Go fly fishing and land a bagful just a cast from the smog and cement of the city. Words: TREVOR PADDENBURG

Be warned: you’ll get more than a few strange looks catching the tube home with a four-pound rainbow trout in a plastic bag.

“Got a fresh one from the fish monger, have you lad?” asks one bloke.

“Nah mate, been fly fishing in the countryside. Absolute ripper of a day,” I reply.

As bizarre as it is carting your catch of the day around London, organising a fishing trip from the capital is as easy as fish pie. An hour south-west by train from Waterloo and you’re in scenic Farnham, in the county of Surrey – home to rolling green countryside, forests full of squirrels and lakes stocked with trout.

Within minutes of stepping onto the platform you’ll be cruising the back roads with Go Fly Fishing UK guide David Martin, a man who talks about fish like most blokes talk about beautiful women. He loves the thrill of the chase and he loves hooking one even more.

“I’ve caught thousands of trout in my life but I can’t wait to catch the next one,” he enthuses. “The fresh air, the countryside, catching fish – it’s relaxing and exhilarating all at once.”

He’s not wrong. Later, when I hook my first ever trout, it’s a real rush, followed by an exciting tussle to get the four-pound fish to the riverbank.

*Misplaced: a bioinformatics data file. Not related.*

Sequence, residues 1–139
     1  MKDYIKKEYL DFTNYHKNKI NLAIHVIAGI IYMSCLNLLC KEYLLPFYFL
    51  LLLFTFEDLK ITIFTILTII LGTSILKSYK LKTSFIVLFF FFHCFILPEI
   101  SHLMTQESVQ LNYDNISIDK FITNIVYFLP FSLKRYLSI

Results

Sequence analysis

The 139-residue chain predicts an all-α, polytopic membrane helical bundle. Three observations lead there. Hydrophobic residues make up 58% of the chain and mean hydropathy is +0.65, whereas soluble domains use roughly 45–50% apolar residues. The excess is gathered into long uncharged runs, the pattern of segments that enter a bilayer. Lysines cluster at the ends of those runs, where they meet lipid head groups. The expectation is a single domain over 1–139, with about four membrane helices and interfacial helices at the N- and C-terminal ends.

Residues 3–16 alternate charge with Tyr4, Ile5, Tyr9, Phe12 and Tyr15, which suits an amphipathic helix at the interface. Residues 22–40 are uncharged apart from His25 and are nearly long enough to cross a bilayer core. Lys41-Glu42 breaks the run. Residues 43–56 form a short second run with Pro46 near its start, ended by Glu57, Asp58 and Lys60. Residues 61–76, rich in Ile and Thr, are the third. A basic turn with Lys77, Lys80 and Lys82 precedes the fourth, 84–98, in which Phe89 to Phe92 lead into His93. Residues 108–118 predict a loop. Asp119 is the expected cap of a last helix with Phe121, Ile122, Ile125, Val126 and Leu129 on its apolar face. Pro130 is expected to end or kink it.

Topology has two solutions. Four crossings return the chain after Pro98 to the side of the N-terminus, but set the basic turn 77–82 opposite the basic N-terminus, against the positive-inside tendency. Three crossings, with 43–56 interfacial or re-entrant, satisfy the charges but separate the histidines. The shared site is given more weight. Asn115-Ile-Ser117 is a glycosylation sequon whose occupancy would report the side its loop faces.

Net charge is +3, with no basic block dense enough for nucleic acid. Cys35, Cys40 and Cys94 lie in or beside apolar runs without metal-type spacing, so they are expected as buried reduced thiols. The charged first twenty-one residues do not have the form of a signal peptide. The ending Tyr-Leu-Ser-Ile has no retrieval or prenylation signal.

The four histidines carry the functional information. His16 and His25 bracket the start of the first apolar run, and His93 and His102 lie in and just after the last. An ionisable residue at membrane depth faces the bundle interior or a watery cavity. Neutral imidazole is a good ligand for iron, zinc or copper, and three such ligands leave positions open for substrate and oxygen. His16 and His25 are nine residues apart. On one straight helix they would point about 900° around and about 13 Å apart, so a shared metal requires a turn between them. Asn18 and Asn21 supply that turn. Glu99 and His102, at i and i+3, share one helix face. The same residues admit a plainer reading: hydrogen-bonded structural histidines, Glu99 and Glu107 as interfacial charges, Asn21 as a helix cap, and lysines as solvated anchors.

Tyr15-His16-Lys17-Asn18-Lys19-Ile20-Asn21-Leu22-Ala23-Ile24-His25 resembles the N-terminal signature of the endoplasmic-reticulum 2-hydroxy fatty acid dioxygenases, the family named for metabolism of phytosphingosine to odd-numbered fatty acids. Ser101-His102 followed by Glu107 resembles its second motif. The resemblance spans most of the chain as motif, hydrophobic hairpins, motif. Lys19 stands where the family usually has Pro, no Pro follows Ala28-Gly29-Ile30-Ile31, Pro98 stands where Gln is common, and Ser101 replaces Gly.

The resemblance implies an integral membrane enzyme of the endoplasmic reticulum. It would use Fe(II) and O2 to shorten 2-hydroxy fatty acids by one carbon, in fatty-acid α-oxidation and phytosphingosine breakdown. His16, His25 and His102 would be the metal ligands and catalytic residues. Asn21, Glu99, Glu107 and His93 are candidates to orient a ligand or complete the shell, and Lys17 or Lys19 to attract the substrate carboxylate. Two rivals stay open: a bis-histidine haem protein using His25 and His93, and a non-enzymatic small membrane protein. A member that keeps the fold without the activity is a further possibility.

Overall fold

It’s essential to use a very light line when fly fishing, so the fish is not put off taking the fly. But that means you can’t simply haul a trout in when it takes the bait. The adrenaline flows for the next five minutes as the silver- and rainbow-striped trout gives ground, then darts off again into the depths, with line zinging off the reel.

A fly fishing day trip is not all hauling in fish by the dozen, though. For fellow amateurs, the experience starts with a casting lesson in the park.

There’s no sinker or bait to use to create momentum, so casting a fly fishing rod is all about using the weight of the plastic-coated line. “You won’t catch nothing there,” yells one passing motorist-cum-comedian as we stand casting in the open field.

It’s a tricky business at first but after 30 minutes I’m casting a good 8-10 metres, though with none of Dave’s grace.

“Right. Let’s do the real thing,” says Dave, and we head off to Frensham Trout Fishery. The series of six lakes is set in an amazingly picturesque and tranquil valley on a property owned by grizzled fishing veteran Richard Twite, who loves hooking a trout almost as much as Dave.

In the next few hours, we pull in a handfull of the strong fighting fish ranging from 2-4 pounds. It’s good fun, and a relaxing, wholesome change from London’s bustle and boozing.

It’s not just for the blokes either. “The girls really enjoy it too cause there’s no smelly bait and casting is not about strength,” says Dave.

There are more famous fly fishing rivers in England like the Test and Chalk Stream rivers, but landowners demand up to £200 a day to fish. Far more reasonable and just as much fun is a trip to Farnham. Just be ready for some sideways glances on the tube as you head home for a fresh fish dinner.

• Go Fly Fishing UK do full-day lessons and guided tours (including gear) for groups of up to four for £157. Frensham Trout Fishery prices range from £20 (half day) to £40 (full day, keeping up to five fish) per person, with fishing gear for hire